Her face lit up and she smiled that same smile I had been seeing since I stepped off the plane in Tehran. “Amrika!” she said. And then she redoubled her efforts to explain where I was to go, gesturing assertively. I caught only some of it, but nodded affirma- tively, the way foreigners often do, hoping that in the end everything will turn out right.

“Moteshakeram,” I thanked her repeatedly before walking back towards the Internet café, which I eventually passed. It was then that I wondered if I had misunderstood Farzaneh, if I was supposed to have turned left when I exited the café.

I looked at my watch again, seeing that I had only ten minutes to get back to the hotel. Farzaneh was very protective of her group members, so if I didn’t turn up, she might feel the need to contact the police. I didn’t want it to come to that.

Once again I turned off the main street onto an intersecting street in search of the magic pathway through the Emam Square. I walked one block, then another. I spotted a mustachioed merchant lounging in the doorway of his store. I was nervous about approaching a strange man, but hoped that maybe he would know a little English, as many shopkeepers did.

“Bebakhshid,” I said once again. “Meydan-e Emam kojast?”

And once again came the question—in Persian—about my origins, and again, a great smile in response to my reply. The man pointed his arm in the direction from which I had just come and said something unintelligible to me. He then placed his hand on his heart and bowed to me again and again.

I smiled and nodded back. Then I turned around and began walking back the way I had just come, thinking about how ironic it was that everyone wanted to help, but that I had no language with which to take advantage of their generous spirit. I also realized that these strangers expressed a sincere warmth and acceptance of me, an American. Every random person I had met thus far in Iran welcomed me.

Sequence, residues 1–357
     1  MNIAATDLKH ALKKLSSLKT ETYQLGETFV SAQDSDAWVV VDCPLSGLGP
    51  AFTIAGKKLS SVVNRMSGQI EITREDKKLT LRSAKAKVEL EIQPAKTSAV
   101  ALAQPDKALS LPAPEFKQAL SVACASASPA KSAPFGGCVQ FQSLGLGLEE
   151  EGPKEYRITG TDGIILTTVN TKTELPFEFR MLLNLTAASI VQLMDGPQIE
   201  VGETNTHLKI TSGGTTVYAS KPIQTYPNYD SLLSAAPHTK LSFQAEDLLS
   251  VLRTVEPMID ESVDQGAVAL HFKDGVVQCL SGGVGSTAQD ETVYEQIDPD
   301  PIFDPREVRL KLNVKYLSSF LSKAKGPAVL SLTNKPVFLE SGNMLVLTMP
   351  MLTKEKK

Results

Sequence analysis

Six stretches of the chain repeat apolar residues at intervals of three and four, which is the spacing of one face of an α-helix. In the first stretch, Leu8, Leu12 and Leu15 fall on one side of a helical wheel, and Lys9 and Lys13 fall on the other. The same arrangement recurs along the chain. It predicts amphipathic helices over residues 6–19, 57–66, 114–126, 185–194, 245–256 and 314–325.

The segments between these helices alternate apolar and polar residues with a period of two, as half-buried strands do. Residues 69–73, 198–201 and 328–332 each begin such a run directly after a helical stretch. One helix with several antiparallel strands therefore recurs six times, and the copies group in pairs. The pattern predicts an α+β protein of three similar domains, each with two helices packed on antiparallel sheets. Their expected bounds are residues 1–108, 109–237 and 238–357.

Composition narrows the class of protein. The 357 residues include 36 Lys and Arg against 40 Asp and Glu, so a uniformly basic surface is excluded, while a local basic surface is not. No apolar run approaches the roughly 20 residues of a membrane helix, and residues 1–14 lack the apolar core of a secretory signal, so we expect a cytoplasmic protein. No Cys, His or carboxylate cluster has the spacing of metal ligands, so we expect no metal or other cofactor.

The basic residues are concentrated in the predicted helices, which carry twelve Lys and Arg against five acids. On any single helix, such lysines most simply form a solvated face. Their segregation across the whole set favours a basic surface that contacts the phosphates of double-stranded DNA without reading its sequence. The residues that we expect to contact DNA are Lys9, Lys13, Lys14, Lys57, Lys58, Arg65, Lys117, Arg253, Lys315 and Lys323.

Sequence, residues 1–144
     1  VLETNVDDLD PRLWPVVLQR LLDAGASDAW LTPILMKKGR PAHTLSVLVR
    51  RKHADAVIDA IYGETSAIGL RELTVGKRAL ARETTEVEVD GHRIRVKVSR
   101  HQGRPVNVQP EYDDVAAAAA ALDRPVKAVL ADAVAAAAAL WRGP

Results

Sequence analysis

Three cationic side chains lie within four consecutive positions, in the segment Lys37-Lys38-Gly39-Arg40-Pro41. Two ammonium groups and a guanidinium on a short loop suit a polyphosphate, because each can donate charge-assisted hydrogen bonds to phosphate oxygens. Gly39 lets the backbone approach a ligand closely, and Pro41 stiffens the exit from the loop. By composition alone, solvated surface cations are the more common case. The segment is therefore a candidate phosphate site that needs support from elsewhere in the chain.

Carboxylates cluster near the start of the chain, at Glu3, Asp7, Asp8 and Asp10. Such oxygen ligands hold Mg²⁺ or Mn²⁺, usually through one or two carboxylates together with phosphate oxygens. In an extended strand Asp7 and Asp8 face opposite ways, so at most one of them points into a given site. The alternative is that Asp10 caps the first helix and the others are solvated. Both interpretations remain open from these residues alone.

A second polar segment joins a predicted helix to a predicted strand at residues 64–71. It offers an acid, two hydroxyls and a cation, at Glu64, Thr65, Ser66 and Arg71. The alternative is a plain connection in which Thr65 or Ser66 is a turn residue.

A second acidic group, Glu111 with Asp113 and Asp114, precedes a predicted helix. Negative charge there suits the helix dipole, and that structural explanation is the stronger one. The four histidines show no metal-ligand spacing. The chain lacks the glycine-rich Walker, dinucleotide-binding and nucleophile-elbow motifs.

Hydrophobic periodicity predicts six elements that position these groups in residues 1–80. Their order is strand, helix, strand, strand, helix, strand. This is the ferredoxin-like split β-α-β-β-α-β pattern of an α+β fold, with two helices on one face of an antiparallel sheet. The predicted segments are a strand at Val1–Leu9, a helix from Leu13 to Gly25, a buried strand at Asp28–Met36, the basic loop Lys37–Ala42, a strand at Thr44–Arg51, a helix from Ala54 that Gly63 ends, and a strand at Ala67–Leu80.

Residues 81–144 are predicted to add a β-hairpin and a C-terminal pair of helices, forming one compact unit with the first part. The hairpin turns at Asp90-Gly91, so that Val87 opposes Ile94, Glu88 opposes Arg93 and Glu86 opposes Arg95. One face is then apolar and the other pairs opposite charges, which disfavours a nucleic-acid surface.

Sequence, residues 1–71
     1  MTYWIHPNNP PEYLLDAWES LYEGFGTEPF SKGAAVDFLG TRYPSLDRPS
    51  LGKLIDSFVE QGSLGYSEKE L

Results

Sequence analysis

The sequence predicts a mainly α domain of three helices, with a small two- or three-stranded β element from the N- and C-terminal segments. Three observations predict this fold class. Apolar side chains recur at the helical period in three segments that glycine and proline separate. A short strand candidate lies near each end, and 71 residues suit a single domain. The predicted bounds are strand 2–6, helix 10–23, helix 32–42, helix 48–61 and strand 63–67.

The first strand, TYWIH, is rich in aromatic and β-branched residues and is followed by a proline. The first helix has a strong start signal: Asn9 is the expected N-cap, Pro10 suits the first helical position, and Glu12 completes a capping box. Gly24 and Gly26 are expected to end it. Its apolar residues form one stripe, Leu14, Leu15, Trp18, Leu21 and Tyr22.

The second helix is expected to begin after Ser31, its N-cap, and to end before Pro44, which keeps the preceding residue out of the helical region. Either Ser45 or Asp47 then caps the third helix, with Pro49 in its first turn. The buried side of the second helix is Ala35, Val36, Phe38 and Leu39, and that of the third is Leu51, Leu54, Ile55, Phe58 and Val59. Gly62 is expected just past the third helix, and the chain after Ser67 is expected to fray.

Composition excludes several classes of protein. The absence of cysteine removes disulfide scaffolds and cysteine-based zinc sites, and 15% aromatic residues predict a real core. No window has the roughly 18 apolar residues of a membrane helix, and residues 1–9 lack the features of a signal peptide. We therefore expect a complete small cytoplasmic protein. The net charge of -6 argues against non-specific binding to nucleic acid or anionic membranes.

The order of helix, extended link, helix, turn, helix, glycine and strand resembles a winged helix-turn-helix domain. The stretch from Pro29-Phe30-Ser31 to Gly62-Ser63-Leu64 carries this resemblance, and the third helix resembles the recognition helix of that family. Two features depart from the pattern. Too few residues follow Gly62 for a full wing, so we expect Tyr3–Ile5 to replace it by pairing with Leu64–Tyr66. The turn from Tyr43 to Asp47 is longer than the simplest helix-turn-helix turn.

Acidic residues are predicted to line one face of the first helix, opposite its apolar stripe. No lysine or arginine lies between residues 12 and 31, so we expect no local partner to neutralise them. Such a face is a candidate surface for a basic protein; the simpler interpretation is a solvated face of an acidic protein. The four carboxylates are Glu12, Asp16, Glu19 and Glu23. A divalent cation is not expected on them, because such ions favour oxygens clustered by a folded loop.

But still, I was lost. Anxious perspiration coated my forehead; I reached in my pocket for a tissue and felt a piece of paper. Pulling it out, I found a card from the hotel with its name and address. I had forgotten that Farzaneh had given one to each member of the group before we left the hotel that morning.

With a sudden burst of hope, I looked for a cab. But I was overcome by the reality of the situation: it was rush hour, when all the cabs would be taken, and I wasn’t sure I could identify one anyway since not all Iranian cabs were plainly marked. Anyone who owned a car could be a cab driver. I also knew that Iranians tended to share cabs but I didn’t know exactly how the system worked. Did I dare to simply flag down any driver?

I stood at a curb feeling helpless, somewhat panicked, and shaky with hunger when a small sedan broke free of the jumble of traffic and pulled up to the curb in front of me. It was a wreck of a car, with a well-worn interior and no visible insignia identifying it as a cab. The scruffy-looking driver wore a rumpled shirt and he reached back to open the door for me, less out of courtesy than because the outside handle was missing. I hesi- tated, unsure if I should trust the man or the car. I had a split-second to make a decision.

I swallowed hard, jumped in, and handed the driver the card. Ten uncertain min- utes later, we were outside my hotel. The driver signaled the fare by holding up two of his fingers and one of the green Iranian bills with Ayatollah Khomenei’s picture on it—about two dollars. I paid the fair and then held out a third bill for a tip. He waved it away, but I insisted.

I leapt out of the cab and ran up the stairs of the hotel, pushing open the heavy glass door. The clock behind the front desk read 8:10. I spotted members of my tour group seated on couches in the lobby and walked briskly towards them. “I’m so sorry I’m late,” I gasped. “I got lost.”

Farzaneh looked up at me with surprise. “You’re not late,” she said.

“We’re on Iranian time now,” one of the others said, and laughed. “No one leaves for dinner here until at least 8:30 or 9:00.”

I took a deep breath and plopped myself down onto one of the overstuffed cushions, exhausted, yet relieved—and grateful for the extraordinary kindness I received on the streets of Iran.